Sausage Party a Grocery Gross-out
In a summer packed with animated features, Sausage Party holds the distinction of being the only R-rated one – and it achieves that distinction within the first few minutes during an opening musical number. This is definitely not a cartoon for kids.
It’s not just the sausage having a party here, but the entire inventory of a supermarket, with each item just hoping to be purchased – by “the gods” – unaware that they’ll soon be cooked, drunk, or otherwise consumed.
Leading the proverbial weenie roast is Frank (voiced by screenwriter/producer Seth Rogen), a happy-go-lucky hot-dog sausage who can’t wait to get into his dream girl, a bun named Brenda (voiced by Kristen Wiig). This entails quite a bit of lusty, raunchy dialogue between the two – which certainly cannot be reprinted here.
The star-studded voice-over cast also includes Edward Norton, Salma Hayek, Bill Hader, Paul Rudd, UNCSA School of Drama graduate Danny McBride (as “Honey Mustard,” who knows full well the score about what happens when purchased), Craig Robinson, directors Craig Tiernan (making his debut) and Conrad Weaver, and long-time Rogen collaborators and buddies Jonah Hill, James Franco and Michael Cera. Nick Kroll voices the villainous “Douche,” and you can guess some of the jokes that entails.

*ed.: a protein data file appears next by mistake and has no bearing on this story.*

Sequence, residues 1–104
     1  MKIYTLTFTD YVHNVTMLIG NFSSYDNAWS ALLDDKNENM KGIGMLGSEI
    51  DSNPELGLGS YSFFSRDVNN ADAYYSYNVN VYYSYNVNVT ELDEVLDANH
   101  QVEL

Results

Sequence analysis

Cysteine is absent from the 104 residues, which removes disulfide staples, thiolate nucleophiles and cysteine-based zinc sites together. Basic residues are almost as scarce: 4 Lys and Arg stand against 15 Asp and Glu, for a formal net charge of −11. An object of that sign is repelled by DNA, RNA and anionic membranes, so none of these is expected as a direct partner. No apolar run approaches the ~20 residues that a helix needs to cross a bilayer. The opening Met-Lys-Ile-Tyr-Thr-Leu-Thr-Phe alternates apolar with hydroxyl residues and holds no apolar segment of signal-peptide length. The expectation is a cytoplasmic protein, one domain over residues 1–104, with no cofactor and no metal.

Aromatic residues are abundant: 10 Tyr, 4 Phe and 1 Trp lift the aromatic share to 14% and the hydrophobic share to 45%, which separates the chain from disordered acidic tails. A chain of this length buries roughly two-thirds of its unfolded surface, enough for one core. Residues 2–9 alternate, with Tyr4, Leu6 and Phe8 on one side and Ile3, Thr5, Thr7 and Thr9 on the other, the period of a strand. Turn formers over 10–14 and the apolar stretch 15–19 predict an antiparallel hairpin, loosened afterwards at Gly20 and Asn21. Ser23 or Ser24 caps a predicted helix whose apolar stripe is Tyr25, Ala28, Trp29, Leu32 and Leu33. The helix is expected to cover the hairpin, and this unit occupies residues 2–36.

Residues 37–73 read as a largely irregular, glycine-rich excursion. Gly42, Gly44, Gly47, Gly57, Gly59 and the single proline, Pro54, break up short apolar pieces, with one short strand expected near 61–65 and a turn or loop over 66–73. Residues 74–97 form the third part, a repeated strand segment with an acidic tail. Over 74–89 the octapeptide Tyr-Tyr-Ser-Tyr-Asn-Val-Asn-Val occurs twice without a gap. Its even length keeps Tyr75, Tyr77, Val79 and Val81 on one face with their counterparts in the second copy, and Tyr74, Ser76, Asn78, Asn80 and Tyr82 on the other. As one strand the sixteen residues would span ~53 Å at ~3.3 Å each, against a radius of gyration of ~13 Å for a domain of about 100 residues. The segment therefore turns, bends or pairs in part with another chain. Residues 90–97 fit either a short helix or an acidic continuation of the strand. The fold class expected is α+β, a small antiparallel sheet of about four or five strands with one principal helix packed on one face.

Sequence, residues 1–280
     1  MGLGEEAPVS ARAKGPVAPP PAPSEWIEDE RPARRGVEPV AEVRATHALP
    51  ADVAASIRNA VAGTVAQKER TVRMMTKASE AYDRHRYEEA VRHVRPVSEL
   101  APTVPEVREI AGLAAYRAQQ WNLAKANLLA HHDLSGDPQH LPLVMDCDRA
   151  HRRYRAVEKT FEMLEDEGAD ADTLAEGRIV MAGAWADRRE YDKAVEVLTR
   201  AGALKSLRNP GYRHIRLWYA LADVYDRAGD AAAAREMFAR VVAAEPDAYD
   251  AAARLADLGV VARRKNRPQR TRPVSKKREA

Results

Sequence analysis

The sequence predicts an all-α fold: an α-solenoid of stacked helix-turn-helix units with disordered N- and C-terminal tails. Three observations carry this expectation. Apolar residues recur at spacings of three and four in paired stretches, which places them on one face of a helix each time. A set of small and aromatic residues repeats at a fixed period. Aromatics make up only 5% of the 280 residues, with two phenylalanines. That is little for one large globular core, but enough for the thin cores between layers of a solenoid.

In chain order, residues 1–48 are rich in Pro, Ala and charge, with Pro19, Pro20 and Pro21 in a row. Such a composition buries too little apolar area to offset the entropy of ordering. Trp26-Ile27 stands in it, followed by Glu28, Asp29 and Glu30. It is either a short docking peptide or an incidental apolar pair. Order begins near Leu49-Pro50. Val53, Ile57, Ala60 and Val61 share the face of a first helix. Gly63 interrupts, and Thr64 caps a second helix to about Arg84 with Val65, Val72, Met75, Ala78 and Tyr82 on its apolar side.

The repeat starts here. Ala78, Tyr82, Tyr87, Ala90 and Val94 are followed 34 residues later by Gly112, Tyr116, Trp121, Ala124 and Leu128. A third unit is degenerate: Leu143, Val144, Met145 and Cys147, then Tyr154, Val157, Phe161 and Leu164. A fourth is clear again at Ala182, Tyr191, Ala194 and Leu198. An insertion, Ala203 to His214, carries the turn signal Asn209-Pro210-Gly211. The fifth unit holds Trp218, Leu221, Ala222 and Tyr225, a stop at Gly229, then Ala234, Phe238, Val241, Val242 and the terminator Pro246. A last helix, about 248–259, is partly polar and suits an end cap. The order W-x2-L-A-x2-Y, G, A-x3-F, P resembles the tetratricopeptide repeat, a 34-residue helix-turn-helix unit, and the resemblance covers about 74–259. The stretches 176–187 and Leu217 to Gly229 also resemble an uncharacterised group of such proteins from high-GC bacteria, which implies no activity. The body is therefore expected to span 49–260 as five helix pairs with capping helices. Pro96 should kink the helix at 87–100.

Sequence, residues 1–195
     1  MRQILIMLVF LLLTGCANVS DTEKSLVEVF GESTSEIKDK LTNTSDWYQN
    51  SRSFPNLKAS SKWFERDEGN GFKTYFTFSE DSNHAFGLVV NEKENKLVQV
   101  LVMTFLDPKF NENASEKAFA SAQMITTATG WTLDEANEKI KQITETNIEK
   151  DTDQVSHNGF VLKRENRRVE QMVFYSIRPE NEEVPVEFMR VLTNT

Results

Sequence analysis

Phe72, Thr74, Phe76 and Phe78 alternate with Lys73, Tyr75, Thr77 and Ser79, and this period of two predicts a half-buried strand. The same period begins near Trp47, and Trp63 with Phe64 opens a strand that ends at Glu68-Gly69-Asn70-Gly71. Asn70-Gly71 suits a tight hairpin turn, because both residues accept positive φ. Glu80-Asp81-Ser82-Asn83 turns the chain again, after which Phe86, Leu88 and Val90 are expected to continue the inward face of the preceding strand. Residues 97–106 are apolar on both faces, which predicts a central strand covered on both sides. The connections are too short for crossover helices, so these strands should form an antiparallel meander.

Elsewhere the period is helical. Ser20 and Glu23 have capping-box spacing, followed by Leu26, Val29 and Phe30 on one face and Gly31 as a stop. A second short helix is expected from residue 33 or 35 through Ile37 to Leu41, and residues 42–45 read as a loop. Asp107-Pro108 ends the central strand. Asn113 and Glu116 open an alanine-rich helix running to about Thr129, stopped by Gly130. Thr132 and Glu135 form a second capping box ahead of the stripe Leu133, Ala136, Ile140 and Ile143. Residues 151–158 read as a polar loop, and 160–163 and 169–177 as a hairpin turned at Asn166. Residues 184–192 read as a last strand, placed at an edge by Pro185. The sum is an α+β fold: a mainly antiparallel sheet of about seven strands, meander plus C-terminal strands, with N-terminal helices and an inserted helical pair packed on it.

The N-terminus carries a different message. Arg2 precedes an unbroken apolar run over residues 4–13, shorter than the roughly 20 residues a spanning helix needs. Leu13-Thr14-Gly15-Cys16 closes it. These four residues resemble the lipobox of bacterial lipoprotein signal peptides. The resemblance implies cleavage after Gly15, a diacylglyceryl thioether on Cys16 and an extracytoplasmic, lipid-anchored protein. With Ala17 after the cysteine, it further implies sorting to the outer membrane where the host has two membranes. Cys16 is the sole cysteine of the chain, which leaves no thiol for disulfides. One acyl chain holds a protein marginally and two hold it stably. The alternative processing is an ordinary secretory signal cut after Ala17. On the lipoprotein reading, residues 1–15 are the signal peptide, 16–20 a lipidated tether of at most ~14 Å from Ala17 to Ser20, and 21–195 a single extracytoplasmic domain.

Rogen and fellow screenwriters Kyle Hunter, Ariel Shiffer and Evan Goldberg (the latter also a producer with Rogen) toss out a barrage of sight gags and slapstick, hoping it sticks. Enough does to make Sausage Party a crowd-pleaser. Some gags are inspired – including such items as “Popped Cherry Cocktail Mix,” “Chunk Munchers Cereal” and “Fudge- Packed Cookies” – and others are real groaners, but the writers have enough knowledge of comedy history to gleefully throw in jokes that would barely pass muster in the borscht belt.
When it’s not spoofing the Middle East conflict, Native American mysticism or free-wheeling sexuality – all of which it does — the film includes the requisite number of drug references (a Rogen mainstay) and an endless stream of profanity.
Actually, the profanity is so incessant that the instances in which it’s used creatively are buried underneath the excess.
Still, it’s easy to enjoy Sausage Party on its own lowbrow terms. It aims to please, and for its intended audience (arrested adolescents of all ages) it does just that. !